Talking about sex is difficult at best – and particularly when things are not going well. Most of us will be reluctant to talk to our partner, let alone a doctor. Add breast cancer to the mix – and that reticence is only magnified. One in eight women will develop the disease during their lifetime. And most will have enjoyed an active sex life.
But breast cancer surgery can have a crushing effect on body image and self-esteem, while drugs to treat tumors can cause menopause, decrease libido and make sex terribly uncomfortable. Nevertheless, intimacy is rarely discussed during medical consultations. Maybe women are too afraid or too embarrassed to mention it.
Maybe the doctors are also, or maybe they're just concentrating on survival statistics, not quality of life. You see, this is a situation that I have personal experience, from both sides of the consulting room table.
Dr. Liz O & # 39; Riordan, 44, was treated for breast cancer twice and wrote about her experience bringing her additional knowledge of her work as an NHS consulting surgeon specializing in the disease.
The Doctor. O & # 39; Riordan said she was 40 when she received her diagnosis, stock photography
I am 44 years old and a consultant for breast surgery at East Suffolk and the North Essex NHS Foundation Trust. The basis of my job is to treat women with breast cancer. I discuss diagnosis, prognosis, treatment plans and possible outcomes.
But in the past I rarely, if ever, discussed sex, always assuming a general practitioner or breast-care nurse was having this conversation.
And then, at age 40, I received the devastating news that I had breast cancer. I had cysts before, so when I noticed a new lump in my left breast, I was not so worried, but I had checked anyway. A few weeks later, a mammogram, ultrasound, and subsequent biopsy confirmed that I had a large tumor.
I knew what was coming – chemotherapy followed by mastectomy and radiation therapy. My tumor was sensitive to estrogen, so I also needed the hormone-blocking remedy, tamoxifen, which triggered an instant menopause.
At the time, I was in denial, struggling to accept the truth about what was going on, no matter sharing with my loved ones.
The Doctor. Riordan said that when he married her husband, Dermot, never thought of getting sick when he made the sick and health vows.
I later realized my emotions in words: I started writing about my online experience and found a new community that shares stories and advice about cancer with honesty, caring, and sometimes humor. In 2016, I wrote a post titled: "Let's talk about sex …"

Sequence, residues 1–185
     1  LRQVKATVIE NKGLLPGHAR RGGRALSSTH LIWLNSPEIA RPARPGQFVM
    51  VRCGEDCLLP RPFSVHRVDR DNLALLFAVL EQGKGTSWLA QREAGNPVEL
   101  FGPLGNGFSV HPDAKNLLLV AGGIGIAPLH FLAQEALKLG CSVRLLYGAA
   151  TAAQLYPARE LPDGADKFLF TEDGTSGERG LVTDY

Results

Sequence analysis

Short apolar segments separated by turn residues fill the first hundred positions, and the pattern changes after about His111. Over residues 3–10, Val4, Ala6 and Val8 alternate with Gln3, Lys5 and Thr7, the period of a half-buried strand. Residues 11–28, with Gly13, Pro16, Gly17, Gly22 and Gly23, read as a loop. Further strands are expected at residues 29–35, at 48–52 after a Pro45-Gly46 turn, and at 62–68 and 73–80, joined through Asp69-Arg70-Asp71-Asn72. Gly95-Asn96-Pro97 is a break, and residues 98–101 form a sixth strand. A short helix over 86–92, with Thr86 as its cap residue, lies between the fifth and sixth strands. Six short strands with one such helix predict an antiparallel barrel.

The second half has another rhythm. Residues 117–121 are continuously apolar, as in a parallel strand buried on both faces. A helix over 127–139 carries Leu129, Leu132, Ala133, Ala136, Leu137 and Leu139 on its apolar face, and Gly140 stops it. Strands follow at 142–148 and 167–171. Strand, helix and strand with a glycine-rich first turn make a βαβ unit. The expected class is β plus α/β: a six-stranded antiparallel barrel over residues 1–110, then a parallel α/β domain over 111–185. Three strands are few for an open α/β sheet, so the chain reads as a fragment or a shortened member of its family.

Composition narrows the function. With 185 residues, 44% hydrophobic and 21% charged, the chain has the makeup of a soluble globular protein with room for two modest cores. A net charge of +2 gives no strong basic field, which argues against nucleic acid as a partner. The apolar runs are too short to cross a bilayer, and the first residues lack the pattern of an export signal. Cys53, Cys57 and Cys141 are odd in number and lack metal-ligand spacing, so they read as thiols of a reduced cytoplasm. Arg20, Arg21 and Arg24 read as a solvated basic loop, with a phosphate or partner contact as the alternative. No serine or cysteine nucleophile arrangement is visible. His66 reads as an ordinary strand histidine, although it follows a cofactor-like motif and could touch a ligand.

To be honest, I found it incredibly hard to put into words as it is so close to home.
I was married to my husband Dermot, 54, who is a fellow surgeon only a few years ago when I was diagnosed. Like most couples, we swear to love each other "in sickness and in health." But when you say those words, you never think you'll get sick.
Suddenly, my husband had a wife with a numb, often painful false breast, and a Brillo hair absorbent, which, thanks to a chemically induced menopause, threw the bed covers over the night, dripping with sweat.
Dr. O & # 39; Riordan suffered premature and immediate menopause after she had to take tamoxifen as part of her treatment for breast cancer
At one point, I even told him to leave me for a woman with two breasts and a healthy libido.
What Liz's husband, Dermot, has to say …
Dermot says, "Inevitably, there are periods in any relationship when you do not have sex – it's a fact of life.
"But cancer throws everything out of order.
"It's not that you do not want to have sex." And it was not a question for me whether I still thought Liz was attractive or whether I still loved her.
'But when your partner is going through hell, it will not happen. When you do not do this for a while, it can be strange and unnatural and not very spontaneous.
"It's just a fact of life that your sex life will never be what it was.
'And you can feel alone, but you just have to do it.
"If sex is not spoken, not having sex becomes the new norm.
"So unless you talk about it, you'll never get your sex life back."
Dermot told me to stop being so stupid that he loved me and was not going anywhere. And he's been really amazing in dealing with whatever treatment he gave us.